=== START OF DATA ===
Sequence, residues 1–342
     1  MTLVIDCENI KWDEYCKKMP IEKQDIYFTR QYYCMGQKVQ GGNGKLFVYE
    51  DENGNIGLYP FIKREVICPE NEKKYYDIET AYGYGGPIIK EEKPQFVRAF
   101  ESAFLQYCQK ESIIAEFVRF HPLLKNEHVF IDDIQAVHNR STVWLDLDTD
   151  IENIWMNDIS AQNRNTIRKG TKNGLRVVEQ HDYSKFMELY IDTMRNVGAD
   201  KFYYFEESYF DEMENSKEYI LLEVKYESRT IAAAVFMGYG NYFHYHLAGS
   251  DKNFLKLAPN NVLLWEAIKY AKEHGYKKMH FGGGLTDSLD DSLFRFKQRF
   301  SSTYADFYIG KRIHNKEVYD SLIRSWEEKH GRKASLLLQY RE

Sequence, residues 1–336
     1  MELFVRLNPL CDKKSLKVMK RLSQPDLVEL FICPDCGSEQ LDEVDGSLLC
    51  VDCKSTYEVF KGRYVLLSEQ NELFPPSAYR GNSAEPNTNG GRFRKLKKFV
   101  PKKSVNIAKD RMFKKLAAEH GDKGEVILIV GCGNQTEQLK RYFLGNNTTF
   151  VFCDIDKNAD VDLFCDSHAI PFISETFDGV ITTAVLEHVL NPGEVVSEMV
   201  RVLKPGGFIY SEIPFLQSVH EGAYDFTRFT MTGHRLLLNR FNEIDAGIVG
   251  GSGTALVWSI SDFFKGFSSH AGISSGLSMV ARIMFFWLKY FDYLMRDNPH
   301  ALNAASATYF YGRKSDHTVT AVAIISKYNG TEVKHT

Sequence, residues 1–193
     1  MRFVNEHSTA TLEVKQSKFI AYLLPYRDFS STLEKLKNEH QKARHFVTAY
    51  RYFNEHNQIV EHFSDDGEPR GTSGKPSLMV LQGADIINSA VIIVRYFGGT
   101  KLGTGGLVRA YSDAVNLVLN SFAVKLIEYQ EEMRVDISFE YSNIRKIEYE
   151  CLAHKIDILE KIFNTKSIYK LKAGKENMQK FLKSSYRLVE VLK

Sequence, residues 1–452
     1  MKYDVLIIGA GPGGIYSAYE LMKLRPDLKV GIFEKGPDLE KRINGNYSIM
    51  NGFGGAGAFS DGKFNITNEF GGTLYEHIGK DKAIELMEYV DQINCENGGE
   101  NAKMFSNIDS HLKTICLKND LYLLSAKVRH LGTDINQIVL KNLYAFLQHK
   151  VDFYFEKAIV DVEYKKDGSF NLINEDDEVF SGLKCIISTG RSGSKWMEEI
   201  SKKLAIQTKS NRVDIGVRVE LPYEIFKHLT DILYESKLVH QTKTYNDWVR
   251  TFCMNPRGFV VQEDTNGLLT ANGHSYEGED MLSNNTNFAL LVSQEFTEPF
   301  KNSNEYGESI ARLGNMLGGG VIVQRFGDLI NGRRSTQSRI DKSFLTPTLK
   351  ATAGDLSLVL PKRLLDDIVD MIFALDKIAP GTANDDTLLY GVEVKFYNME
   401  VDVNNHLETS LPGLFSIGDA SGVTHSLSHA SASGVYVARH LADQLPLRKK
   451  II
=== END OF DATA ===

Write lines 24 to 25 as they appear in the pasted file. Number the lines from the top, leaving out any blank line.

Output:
    51  NGFGGAGAFS DGKFNITNEF GGTLYEHIGK DKAIELMEYV DQINCENGGE
   101  NAKMFSNIDS HLKTICLKND LYLLSAKVRH LGTDINQIVL KNLYAFLQHK